Huh! I have never thought of it that way. I had only thought of the various legal definitions of “persons” as having to do with power and politics, in a hard-headed kind of way. Certainly, the wording of the Privy Council in the Persons Case never gave me cause to think of transcendence! 😉 But does all this boil down to: Who is a real person? (damn it, how do I put “real” into italics?) With the white man being the model of the real human person, of course.

  13. mediagoras says

    It’s difficult to know whether Mr. Jackson actually believes what he says. In any event, it does not reflect well on his mind and heart.

    Let’s take him at his word and assume he does believe it. This would entail the extraordinary conclusion that the original parties to the compromise were somehow giving “humanhood to black people” (a generosity or benevolence, to his mind) while at the same time permitting or doing some of the worst things anyone might do to other human beings. The apparent absurdity, contradiction, and barbarity of this does not seem to have been part of Mr. Jackson’s thinking on the matter.

  14. Crip Dyke, Right Reverend Feminist FuckToy of Death & Her Handmaiden says


    Certainly, the wording of the Privy Council in the Persons Case never gave me cause to think of transcendence!

    Edwards v. Canada (A.G.) was decided by the JCPC before World War II. Though some elements of what would become known as existentialism and existentialist ethics were present before WWII, I’m not sure that they were well known quite as early as Edwards was decided in 1928. Kierkegaard has been retroactively determined to be an existentialist, but he wasn’t part of the existentialist movement and his ethics has a lot to do with Christianity. (From what I understand, he was deeply Christian, though also deeply opposed to the institution of the Church especially when entangled with government in ways too complex to explore here.) In Christianity, what makes a “person” is the soul, and though I’m not sure of this given his focus on the ethical obligations imposed by reason and the many Kierkegaard writings I’ve not read, I don’t think that Kierkegaard said anything to contradict the idea that souls make humans unique or even to indicate he didn’t believe in a soul. And, in any case, there wasn’t any widespread awareness of existentialism until after WWII.

    Part of the reason for the wave of positive responses to existentialist ethics post-WWII was the widespread commitment to “never again” allowing atrocities such as the Holocaust to occur. None of the prevailing ethical theories had managed to prevent or stop the Holocaust, and so people turned to existentialism with its focus on the transcendent and universal, hoping that a “we are the world” or “we are one” spirit could stop future targeting of individual sub-populations as had been common in Europe for hundreds of years. (Targeting entirely separate populations had, of course, been a feature of human aggression, violence and war since before recorded history.)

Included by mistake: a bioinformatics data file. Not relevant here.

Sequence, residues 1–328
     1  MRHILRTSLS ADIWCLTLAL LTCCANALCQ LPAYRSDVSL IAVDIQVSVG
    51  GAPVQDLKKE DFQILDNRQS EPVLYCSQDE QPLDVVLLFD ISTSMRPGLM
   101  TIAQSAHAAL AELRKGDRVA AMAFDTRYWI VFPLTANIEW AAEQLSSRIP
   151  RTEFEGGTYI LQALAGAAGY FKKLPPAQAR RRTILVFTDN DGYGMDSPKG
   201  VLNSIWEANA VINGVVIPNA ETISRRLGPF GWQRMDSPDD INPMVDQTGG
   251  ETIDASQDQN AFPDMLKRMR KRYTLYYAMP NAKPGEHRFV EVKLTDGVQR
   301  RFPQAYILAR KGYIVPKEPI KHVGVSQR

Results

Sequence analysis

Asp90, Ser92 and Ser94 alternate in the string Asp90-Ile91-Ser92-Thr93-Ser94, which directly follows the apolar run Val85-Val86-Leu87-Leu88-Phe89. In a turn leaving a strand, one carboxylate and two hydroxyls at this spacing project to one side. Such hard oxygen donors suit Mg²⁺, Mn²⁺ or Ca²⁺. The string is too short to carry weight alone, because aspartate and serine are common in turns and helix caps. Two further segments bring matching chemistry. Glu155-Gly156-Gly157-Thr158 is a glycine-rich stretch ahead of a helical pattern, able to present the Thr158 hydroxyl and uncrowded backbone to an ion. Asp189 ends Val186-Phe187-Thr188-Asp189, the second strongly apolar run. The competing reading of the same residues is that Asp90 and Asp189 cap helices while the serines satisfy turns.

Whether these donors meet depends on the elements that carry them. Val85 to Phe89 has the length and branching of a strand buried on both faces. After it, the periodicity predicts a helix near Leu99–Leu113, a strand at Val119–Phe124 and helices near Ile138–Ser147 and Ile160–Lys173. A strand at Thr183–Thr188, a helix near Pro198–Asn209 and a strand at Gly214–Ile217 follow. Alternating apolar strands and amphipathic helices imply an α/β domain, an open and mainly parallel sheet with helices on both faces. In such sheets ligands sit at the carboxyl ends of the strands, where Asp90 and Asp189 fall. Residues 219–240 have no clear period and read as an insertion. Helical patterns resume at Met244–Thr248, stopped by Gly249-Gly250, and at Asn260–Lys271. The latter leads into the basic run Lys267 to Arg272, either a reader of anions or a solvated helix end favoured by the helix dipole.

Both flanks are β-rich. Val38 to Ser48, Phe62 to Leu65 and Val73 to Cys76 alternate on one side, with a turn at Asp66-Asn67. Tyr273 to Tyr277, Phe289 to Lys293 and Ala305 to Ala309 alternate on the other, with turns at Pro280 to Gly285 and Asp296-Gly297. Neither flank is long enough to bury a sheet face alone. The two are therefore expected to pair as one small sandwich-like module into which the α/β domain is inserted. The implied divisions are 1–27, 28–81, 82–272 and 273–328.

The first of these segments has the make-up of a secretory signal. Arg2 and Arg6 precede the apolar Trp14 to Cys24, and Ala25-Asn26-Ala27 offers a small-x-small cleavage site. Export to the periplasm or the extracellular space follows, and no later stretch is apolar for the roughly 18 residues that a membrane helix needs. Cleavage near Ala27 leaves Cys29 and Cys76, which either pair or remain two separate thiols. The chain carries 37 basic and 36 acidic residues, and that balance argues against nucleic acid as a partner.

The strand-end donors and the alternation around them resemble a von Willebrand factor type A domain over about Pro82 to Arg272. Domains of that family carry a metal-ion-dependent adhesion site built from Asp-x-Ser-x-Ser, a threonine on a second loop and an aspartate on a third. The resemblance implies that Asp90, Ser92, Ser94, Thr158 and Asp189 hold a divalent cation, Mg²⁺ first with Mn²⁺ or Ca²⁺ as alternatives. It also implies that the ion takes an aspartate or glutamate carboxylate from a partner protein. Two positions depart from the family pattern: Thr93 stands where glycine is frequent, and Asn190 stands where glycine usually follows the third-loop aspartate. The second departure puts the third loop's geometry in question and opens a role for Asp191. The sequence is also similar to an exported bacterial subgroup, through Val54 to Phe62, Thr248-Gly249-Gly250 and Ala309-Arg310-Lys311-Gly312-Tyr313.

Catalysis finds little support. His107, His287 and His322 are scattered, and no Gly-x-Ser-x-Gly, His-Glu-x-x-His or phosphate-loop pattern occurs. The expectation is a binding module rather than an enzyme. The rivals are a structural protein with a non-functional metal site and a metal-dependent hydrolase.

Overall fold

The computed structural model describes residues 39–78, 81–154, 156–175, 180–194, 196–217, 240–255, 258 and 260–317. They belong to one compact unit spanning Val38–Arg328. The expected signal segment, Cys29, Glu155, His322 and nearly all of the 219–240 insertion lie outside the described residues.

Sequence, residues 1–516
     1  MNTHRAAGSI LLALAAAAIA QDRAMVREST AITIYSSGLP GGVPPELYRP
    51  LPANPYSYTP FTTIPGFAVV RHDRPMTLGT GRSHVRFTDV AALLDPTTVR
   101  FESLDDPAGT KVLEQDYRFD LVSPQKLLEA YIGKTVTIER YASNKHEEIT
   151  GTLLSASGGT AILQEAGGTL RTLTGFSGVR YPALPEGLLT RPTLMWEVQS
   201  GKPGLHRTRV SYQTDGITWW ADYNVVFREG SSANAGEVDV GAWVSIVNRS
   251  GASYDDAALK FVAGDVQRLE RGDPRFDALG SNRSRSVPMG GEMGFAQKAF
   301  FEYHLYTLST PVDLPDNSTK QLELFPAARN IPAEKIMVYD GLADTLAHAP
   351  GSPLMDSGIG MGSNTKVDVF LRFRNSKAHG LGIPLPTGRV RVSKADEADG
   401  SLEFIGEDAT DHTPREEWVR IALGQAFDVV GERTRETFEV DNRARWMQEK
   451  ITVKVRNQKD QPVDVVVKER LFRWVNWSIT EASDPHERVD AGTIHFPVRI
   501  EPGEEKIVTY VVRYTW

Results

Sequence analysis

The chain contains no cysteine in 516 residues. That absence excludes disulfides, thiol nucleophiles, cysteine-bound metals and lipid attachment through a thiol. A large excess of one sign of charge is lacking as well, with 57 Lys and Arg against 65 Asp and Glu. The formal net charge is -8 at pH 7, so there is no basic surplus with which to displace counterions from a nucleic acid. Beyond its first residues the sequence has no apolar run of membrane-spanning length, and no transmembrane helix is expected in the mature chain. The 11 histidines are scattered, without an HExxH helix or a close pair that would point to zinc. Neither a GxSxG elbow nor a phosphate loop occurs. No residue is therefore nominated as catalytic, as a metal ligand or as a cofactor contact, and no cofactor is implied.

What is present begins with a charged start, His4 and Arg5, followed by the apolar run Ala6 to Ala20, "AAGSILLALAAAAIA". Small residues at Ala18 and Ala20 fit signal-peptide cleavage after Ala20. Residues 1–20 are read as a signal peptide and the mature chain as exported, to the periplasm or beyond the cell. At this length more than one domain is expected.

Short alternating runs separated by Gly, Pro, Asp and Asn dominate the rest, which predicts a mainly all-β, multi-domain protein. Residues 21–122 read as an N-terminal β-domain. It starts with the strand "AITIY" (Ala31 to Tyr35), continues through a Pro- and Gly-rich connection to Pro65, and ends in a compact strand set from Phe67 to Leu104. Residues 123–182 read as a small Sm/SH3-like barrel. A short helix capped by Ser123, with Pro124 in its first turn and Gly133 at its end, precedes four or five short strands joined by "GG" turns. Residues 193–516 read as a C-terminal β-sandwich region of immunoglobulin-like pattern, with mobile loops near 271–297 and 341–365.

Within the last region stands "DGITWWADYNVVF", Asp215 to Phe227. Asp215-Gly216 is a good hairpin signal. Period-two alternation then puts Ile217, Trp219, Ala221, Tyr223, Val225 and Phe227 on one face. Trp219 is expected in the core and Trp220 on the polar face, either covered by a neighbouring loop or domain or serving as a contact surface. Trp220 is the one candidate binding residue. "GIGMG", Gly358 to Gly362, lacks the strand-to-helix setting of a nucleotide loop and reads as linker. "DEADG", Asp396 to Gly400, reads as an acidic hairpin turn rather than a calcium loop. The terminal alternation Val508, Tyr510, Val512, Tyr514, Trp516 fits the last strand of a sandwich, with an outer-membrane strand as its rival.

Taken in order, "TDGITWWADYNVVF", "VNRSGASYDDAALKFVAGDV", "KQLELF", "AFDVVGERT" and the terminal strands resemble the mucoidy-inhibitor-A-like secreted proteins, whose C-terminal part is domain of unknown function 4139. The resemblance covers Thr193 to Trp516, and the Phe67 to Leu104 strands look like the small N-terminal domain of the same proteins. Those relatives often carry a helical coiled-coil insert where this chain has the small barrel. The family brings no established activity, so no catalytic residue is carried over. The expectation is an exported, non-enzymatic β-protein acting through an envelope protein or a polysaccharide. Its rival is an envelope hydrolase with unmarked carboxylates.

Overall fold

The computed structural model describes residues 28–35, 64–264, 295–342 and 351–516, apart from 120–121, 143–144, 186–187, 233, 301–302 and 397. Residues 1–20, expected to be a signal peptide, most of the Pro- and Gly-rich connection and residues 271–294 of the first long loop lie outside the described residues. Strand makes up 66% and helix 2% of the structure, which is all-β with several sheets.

But does all this boil down to: Who is a real person?

    Well, existentialism certainly focuses on real in the way you’re suggesting, though it would be more traditional to call it authenticity in the existentialist context. Yes, I think that existentialist thinking probably would solve some of these problems, but simply asking “Who is a real person?” in the late 18th century would not have been enough for force recognition of the evil done by dehumanization even without slavery. (Some have argued that slavery is made possible by dehumanization, and that therefore it is the original sin of the US and its precursor colonies, not slavery itself.)


    (damn it, how do I put “real” into italics?)

    It’s fairly easy. You use those less-than(<) and greater-than(>)signs as if they were brackets and put commands within them. The commands themselves are also used in pairs. You use the same command (called a “tag”) to begin a modification or process as to end it, with the exception that you have to use a backslash after the < and before the tag. Here are a couple examples:

    i for “italics”
    <i>real</i> = real

    em for “emphasis”
    <em>real</em> = real

    Note that programming that is already on the site decides exactly what “emphasis” means. While on almost all sites it will be rendered as italics, it’s possible that it might not and be rendered as bold instead.

    Bold uses the “b” tag:
    <b>real</b> = real

    That’s enough for most of what you need on your own text, but when quoting someone else you might want to use the “blockquote” tag to make it clear when words belong to someone else:

    <blockquote>real</blockquote> =


    If you search online for “html tag” you can find plenty more. There was a long period when I used to play around with “abbr” because it allows you to insert extra text that is only visible when someone’s cursor hovers over a particular bit of text.

    <abbr title=”secret message”>real</b> = real

    Have fun!

  15. fledanow says

    @Crip Dyke,

    Thank you. I am just beginning to realize the depth of the ignorance with which I read your posts. I am really glad you are willing to explain, and to so so without arrogance or snideness. I haven’t studied philosophy, beyond one confusing first year course, because I found it difficult to trust speculation without facts (“Well, why can’t we just change the rules, then?”) That’s what comes from being raised by a scientist, i suppose. Its left me uncultured and uncivilized, ‘though rational, usually.

  16. microraptor says

    kestrel @4:

    This was on FAUX News, so odds are good that they were actively lying and trying to rewrite history.